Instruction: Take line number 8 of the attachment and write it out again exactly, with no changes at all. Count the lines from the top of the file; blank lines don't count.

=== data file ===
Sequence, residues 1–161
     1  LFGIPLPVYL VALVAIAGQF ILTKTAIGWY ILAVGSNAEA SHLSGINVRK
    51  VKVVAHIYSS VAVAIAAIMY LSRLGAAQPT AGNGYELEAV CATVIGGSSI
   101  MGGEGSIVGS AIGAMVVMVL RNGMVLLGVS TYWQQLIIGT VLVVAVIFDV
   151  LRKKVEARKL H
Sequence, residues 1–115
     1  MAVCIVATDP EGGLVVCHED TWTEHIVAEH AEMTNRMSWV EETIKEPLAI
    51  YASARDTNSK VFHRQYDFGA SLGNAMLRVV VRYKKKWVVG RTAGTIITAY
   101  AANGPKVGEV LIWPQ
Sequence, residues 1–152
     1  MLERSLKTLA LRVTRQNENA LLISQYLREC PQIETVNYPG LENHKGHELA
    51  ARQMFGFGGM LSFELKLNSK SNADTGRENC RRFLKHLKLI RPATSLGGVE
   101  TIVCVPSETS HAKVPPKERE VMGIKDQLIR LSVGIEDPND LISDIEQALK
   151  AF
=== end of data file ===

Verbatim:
    51  YASARDTNSK VFHRQYDFGA SLGNAMLRVV VRYKKKWVVG RTAGTIITAY